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Institut de minéralogie, de physique des matériaux et de cosmochimie
UMR 7590 - Sorbonne Université/CNRS/MNHN/IRD

Séminaire - Super-deep diamonds: a journey to the center of the Earth - Fabrizio Nestola

éminaire organisé dans le cadre de l'axe transverse "Speciation and cycle of volatile elements"

Lundi 5 novembre 2018 à 10 h 30

Sorbonne Université - 4 place Jussieu - 75005 Paris - Amphi Chapak - Tour 22 - R-d-C

Fabrizio Nestola - Department of Geosciences, University of Padova, Italy


Super-deep diamonds (SPD) are a rare category (about 1%), which represents those stones crystallizing much deeper within the mantle with respect to the so-called lithospheric diamonds (LD). LD constitute about 99% of the entire diamond population and are considered to form at depths between 120/130 and 200/220 km depth under cratons. SPD instead originate much deeper between about 300 and 800 km depth (Figure 1).

LD usually show high nitrogen content, regular crystal shape, a low degree of plastic deformation and mineral inclusions typical of the shallow upper mantle conditions (i.e. olivines, pyroxenes, garnets, magnesiochromites, sulfides, etc.). SPD show very low nitrogen contents, irregular crystal shape, high-degree of plastic deformation and mineral inclusions, which are very typical of such diamond category like Fe-rich periclases, CaSiO3-walstromites, CaSi2O5-titanites, larnites, jeffbenites, and many others which are much rarer. It is evident that SPD recently attracted much attention because such diamonds can sample fragments of very deep Earth and transport them to us almost uncorrupted over time and space. Therefore, they represent a unique way to study the inner parts of our Planet nearly directly.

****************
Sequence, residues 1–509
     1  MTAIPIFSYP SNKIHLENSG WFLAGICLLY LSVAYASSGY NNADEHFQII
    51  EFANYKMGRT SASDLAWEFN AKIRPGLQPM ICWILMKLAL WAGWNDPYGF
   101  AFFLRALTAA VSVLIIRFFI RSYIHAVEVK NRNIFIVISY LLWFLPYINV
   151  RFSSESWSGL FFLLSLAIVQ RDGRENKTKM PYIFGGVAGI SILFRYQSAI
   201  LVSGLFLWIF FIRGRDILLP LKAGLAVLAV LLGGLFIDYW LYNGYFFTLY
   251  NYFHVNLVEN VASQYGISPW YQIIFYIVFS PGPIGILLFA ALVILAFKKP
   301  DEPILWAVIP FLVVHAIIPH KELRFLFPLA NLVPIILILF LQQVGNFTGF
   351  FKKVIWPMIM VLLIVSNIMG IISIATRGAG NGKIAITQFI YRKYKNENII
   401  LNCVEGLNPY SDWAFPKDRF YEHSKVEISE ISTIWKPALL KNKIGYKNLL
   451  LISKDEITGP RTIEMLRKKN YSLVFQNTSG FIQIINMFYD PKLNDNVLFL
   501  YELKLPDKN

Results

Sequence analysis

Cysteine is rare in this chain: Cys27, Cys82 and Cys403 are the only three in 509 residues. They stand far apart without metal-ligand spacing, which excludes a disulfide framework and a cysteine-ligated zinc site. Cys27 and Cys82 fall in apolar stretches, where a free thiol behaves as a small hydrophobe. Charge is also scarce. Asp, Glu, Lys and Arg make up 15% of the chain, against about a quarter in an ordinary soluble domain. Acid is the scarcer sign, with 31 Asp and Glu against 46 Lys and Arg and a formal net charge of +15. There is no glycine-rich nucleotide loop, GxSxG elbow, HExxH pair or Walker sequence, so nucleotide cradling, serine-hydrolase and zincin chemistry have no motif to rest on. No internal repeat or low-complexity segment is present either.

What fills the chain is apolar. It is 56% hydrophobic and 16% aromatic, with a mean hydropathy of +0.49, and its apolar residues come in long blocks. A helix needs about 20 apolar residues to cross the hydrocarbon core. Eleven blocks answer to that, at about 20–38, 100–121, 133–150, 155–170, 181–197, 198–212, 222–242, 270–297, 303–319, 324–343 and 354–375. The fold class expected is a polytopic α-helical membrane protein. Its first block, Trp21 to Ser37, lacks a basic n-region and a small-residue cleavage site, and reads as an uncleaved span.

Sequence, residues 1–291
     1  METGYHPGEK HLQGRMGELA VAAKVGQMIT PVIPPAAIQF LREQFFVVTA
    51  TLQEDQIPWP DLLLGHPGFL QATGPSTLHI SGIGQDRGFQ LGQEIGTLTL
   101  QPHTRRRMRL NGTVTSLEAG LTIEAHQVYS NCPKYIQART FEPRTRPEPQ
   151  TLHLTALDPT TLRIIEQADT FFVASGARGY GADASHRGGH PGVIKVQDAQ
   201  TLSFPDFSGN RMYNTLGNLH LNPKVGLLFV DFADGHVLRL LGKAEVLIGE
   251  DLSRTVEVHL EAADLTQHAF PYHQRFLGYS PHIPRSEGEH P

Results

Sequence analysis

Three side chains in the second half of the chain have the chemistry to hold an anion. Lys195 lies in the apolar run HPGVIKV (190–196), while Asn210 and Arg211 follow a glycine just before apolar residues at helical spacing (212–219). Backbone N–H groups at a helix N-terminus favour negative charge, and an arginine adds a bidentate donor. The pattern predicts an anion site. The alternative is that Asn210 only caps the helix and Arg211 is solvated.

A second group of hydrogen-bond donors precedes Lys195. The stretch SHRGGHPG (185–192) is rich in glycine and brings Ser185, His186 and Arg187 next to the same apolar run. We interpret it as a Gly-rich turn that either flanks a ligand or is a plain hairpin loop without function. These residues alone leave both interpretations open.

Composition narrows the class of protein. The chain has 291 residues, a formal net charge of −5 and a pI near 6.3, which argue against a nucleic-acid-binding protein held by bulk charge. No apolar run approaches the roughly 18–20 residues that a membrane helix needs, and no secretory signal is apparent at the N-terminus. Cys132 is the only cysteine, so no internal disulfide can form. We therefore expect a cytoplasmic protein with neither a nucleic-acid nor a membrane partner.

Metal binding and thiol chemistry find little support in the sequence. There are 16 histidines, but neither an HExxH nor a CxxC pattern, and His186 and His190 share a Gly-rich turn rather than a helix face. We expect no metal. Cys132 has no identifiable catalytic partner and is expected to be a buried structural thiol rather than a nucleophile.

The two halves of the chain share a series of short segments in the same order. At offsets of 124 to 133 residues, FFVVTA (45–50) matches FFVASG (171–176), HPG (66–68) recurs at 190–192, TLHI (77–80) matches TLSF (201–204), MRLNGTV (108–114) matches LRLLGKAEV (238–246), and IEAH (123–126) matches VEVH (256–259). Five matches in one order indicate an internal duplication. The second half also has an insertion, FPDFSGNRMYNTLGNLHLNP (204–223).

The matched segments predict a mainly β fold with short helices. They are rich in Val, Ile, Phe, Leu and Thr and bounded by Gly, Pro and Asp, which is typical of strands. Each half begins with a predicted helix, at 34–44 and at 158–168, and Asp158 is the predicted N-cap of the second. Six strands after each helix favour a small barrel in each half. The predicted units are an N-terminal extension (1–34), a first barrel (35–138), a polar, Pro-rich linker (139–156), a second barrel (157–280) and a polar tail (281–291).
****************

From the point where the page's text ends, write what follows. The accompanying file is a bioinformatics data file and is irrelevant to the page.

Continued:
The seminar will provide an overview of the most recent advances in super-deep diamond research from the hydrous ringwoodite found within a Brazilian diamond [1] to the discovery of CaSiO3-perovskite [2] within a diamond from the Cullinan mine to the discovery of iron metal in super-giant diamond from Lesotho [3] and finally to the discovery that boron-bearing diamonds (blue diamonds), surprisingly resulted to be super-deep diamonds [4].

[1] Pearson, Brenker, Nestola et al. (2014) Nature, 507, 221;
[2] Nestola, Korolev, Kopylova et al. (2018) Nature, 555, 237.
[3] Smith, Shirey, Nestola et al. (2016) Science, 354, 1403;
[4] Smith, Shirey, Richardson, Nestola et al. (2018) Nature, 560, 84.


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Cécile Duflot - 17/10/18

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